What is the new coronavirus?

The novel coronavirus, which emerged in China in late 2019, can cause a potentially fatal lung disease known as COVID-19. While a majority of people who contract the virus will have mild illness, others develop severe lung disease, which may include pneumonia and respiratory failure that requires a mechanical ventilator.

How is the coronavirus transmitted?

The coronavirus (officially known as SARS-CoV-2) mainly spreads through respiratory droplets released when a person with the virus coughs or sneezes. The virus can be transmitted through the air or when the virus lands on surfaces and someone touches these surfaces and then transfers it to their mouth, nose or eyes.

The coronavirus is detectable in the stool, but fecal spread is thought to be uncommon. It is not yet known whether the coronavirus can be transmitted from mother to child during pregnancy or delivery.

How can transmission be prevented?

Several precautions can reduce transmission of the new coronavirus, many of them similar to those recommended to prevent seasonal flu: 

  • Avoid close contact—meaning within six feet—with people who are ill.
  • Wash your hands with soap and water frequently and thoroughly for at least 20 seconds.
  • Use hand sanitizer containing at least 60% alcohol if soap and water are not available.
  • Avoid touching your face, especially your mouth, nose and eyes.
  • Clean and disinfect surfaces that are frequently touched, such as doorknobs.
  • Stay home if you are sick.
  • Cough or sneeze into a tissue or your elbow, and immediately dispose of tissues in the trash.
  • Wear a cloth face mask when you are out in public, but save medical masks and respirators for health care workers.
  • Get vaccinated against the flu and pneumonia.

More stringent prevention measures may be implemented in areas where the virus is spreading. These include “social distancing,” such as avoiding close contact with people outside your household, staying away from public gatherings, working from home and closing schools. Quarantine is a stricter approach that requires people who might have been exposed to the virus to stay at home or in another designated location for a certain period of time. Isolation practices, including the use of personal protective equipment, are used when caring for a person with COVID-19 in the hospital.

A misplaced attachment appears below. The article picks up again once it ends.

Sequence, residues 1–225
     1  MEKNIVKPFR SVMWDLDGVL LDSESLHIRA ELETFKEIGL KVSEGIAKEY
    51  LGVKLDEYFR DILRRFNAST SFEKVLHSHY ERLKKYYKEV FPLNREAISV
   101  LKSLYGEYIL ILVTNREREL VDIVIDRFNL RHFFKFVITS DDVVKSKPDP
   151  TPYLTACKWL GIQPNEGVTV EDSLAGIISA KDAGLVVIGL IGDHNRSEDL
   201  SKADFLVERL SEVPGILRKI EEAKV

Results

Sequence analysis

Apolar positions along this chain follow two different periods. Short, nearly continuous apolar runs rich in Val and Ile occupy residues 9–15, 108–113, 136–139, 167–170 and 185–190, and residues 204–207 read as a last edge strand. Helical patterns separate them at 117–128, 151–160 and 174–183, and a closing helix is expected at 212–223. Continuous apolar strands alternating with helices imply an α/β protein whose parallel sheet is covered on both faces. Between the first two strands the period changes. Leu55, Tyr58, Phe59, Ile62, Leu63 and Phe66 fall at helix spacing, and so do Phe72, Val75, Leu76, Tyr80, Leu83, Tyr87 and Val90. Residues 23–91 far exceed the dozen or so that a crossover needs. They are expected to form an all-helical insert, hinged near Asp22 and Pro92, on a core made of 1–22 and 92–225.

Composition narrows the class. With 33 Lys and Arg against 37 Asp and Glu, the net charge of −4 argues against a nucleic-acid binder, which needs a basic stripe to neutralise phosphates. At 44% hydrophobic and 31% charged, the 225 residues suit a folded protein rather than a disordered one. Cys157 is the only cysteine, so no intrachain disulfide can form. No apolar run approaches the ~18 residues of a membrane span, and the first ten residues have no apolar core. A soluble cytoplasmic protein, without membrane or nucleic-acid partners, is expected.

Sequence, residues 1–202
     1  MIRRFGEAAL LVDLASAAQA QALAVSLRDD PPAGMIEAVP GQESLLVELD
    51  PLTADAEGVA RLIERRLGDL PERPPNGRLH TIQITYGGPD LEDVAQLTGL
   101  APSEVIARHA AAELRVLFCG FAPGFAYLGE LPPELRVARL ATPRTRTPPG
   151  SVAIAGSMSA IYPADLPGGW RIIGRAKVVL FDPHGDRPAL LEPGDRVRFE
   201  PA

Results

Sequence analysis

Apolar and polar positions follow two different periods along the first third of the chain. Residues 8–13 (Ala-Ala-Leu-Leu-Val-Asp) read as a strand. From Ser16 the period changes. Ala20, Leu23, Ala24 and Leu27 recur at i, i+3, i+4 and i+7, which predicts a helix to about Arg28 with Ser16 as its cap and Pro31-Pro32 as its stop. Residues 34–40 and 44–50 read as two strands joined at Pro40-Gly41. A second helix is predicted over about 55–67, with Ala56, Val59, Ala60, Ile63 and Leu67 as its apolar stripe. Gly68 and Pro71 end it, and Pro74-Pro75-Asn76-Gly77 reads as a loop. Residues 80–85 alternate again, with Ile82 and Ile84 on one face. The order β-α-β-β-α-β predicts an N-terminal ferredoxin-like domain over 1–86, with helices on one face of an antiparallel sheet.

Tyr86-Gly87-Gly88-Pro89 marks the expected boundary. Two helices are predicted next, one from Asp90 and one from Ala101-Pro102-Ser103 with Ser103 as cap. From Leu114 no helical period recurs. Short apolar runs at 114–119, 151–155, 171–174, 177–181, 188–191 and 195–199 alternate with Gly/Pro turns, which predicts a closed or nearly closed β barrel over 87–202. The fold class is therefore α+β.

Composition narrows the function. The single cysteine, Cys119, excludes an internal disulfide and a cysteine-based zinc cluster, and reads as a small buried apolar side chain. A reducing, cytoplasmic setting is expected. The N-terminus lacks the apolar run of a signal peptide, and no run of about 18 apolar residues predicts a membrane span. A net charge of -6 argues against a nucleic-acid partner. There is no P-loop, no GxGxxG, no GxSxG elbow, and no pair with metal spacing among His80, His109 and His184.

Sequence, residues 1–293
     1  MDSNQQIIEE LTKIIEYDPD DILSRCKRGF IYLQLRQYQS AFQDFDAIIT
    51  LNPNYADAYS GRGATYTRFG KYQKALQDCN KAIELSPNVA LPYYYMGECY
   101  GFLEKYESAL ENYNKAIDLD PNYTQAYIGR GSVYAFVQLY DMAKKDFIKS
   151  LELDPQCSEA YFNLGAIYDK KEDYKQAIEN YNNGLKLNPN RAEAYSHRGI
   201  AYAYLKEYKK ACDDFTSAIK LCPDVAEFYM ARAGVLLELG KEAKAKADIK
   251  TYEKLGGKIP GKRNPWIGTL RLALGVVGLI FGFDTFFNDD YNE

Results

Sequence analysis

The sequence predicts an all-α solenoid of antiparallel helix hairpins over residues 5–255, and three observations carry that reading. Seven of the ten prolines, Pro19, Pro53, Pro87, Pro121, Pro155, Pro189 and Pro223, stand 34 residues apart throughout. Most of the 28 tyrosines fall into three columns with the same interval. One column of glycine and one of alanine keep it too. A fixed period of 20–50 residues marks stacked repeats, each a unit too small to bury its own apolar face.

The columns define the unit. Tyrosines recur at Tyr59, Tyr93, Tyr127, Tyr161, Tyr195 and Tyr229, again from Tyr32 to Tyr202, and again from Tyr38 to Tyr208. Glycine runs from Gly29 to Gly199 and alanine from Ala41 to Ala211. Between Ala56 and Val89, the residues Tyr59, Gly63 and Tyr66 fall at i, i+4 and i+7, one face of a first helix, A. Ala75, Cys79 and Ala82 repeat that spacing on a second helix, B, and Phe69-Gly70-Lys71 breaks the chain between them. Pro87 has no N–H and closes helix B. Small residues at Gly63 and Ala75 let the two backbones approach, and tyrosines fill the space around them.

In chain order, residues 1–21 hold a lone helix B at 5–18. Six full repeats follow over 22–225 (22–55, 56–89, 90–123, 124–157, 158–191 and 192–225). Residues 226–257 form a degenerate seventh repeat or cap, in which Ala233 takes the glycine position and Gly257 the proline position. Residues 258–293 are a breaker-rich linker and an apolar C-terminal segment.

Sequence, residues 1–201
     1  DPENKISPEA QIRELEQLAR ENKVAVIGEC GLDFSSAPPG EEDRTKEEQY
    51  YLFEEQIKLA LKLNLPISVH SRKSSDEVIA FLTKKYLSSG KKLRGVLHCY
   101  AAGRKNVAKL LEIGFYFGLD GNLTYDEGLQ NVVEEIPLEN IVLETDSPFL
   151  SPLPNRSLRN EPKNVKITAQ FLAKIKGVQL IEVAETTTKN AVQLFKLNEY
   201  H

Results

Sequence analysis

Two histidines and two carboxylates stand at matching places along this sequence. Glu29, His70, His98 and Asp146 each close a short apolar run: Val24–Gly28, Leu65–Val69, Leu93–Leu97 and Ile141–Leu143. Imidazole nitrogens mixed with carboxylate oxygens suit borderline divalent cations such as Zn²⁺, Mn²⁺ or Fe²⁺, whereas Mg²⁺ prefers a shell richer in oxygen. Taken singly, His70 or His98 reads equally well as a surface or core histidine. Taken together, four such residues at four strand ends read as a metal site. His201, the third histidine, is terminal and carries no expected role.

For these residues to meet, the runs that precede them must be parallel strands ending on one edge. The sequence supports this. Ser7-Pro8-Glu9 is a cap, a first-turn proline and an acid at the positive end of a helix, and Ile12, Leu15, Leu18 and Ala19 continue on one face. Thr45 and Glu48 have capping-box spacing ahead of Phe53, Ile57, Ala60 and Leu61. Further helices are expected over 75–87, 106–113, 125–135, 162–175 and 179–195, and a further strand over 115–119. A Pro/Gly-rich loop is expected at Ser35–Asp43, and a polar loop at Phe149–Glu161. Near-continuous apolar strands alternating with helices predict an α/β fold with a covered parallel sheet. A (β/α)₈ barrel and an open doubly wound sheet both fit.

It is not yet certain whether people who contract the new coronavirus and recover develop protective immunity that can prevent future infections, or, if so, how long this might last.

There is currently no vaccine for the coronavirus, although several experimental vaccine candidates are now in clinical trials. Experts predict that a safe and effective vaccine will not be available for at least 12 to 18 months, in other words, between March and September 2021.

Who is at risk for COVID-19?

While anyone can catch the new coronavirus, certain groups are at greater risk of developing more severe illness: 

  • People age 60 or older
  • People with compromised immune systems
  • People with preexisting health conditions, including cardiovascular disease, chronic lung disease, high blood pressure (hypertension) or diabetes.

While older people and those with other health conditions are more likely to develop severe disease, young and healthy people can also become seriously ill. Although children seldom develop severe disease, they can carry the virus and transmit it to others.